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Fascist Italy and Population

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Fascist Italy and Population

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  • Feb. 25, 2007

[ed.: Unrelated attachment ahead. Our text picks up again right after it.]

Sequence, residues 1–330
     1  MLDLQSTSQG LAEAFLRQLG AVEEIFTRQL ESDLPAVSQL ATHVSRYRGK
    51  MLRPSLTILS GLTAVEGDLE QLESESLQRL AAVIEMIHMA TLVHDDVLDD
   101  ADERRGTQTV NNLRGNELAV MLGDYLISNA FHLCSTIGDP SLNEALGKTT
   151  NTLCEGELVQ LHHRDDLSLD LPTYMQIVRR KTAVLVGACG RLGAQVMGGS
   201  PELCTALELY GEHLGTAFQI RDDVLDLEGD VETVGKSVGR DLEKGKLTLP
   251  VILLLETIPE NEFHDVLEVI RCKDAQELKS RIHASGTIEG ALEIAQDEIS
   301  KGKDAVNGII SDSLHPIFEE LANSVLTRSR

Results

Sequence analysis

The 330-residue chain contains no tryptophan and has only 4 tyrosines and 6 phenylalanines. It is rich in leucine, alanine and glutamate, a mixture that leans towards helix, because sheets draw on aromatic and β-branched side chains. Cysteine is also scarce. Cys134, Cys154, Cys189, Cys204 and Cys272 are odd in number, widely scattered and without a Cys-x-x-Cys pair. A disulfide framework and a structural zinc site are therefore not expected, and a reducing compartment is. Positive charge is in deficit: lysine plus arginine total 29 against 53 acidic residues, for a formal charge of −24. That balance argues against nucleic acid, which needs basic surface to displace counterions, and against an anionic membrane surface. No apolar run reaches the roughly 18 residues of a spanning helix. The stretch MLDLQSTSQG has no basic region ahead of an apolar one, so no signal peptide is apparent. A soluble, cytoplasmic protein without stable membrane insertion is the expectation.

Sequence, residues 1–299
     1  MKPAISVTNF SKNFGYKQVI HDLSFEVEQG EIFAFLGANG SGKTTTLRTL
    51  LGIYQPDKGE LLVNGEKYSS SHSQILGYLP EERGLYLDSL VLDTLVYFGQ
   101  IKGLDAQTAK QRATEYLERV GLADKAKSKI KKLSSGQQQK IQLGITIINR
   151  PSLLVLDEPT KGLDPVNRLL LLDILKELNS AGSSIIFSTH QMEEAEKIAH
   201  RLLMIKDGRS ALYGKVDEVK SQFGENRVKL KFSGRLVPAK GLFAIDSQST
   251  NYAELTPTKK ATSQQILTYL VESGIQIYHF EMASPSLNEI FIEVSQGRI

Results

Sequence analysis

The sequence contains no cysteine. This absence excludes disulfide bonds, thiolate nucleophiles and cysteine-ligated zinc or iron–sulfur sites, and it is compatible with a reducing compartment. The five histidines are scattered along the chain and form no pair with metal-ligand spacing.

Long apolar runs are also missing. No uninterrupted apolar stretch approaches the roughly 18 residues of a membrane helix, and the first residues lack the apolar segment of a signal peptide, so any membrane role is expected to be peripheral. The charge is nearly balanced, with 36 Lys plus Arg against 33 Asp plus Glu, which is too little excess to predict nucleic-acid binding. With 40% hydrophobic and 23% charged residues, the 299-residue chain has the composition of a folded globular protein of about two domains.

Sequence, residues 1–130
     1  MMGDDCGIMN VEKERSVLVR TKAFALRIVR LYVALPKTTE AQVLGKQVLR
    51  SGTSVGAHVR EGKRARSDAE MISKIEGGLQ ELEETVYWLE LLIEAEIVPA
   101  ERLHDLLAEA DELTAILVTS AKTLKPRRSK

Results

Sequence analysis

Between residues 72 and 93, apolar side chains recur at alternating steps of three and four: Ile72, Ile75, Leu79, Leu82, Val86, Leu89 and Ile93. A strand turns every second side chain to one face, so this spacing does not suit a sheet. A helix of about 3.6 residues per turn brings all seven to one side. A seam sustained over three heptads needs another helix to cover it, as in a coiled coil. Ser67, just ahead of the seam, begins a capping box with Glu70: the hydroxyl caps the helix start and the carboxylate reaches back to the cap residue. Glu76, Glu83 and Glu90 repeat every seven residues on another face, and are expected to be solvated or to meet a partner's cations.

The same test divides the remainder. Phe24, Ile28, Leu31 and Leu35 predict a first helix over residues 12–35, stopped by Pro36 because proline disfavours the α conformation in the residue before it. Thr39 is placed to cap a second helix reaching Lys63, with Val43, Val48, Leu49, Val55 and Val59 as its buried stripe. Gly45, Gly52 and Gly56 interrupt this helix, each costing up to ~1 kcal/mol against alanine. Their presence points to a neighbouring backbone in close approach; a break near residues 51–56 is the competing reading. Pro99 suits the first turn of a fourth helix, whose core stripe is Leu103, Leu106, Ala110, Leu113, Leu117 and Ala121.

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Overall, the fascist experiment in Italy was a failure. Benito Mussolini aimed to make the world safe for the middle class, small business owners, property owners, and people in the agricultural area. Through this, Mussolini gained support of the majority of the population. There is no doubt that most of the support was actually the work of propaganda and rhetoric rather than the ‘real thing'. The government made desperate attempts to significantly increase the birthrate in Italy. In 1927, Mussolini launched the "Battle for births". The task of young women was to get married quickly and have a lot of children. And the more children they get, the more benefits they get from the government. Mussolini's population policy failed to produce results because the economy was not suitable to withstand a bigger population. Women were outraged as a reaction to it because they simply could not afford to house 5 or more growing children no matter how much benefits they get while the ‘Duce' (Mussolini) thought it was because of the new independence that women had that is keeping Italy from having a growing population. Mussolini's ambition was going to be a challenge for him. The population during the 1920s in Italy was 37 million and his goal was to at least double that by 1950. In Document 1, it shows the help that the government is willing to provide for women who are pregnant or potentially going to become pregnant help. In Document 5, Mussolini's speech proclaims that women are like men if they have the freedom to work. Basically, with work, she will be focused on work rather than have children thus lowering the birthrate. Men will also suffer, according to Mussolini, because he is "deprived of work and dignity". In Document 6, it really seems like a desperate attempt to encourage women to give more births and be proud of it. The Duce, not coincidentally, added a new national holiday next to Christmas Eve to honor mothers and children. Paolo Orano, in Document 8, says...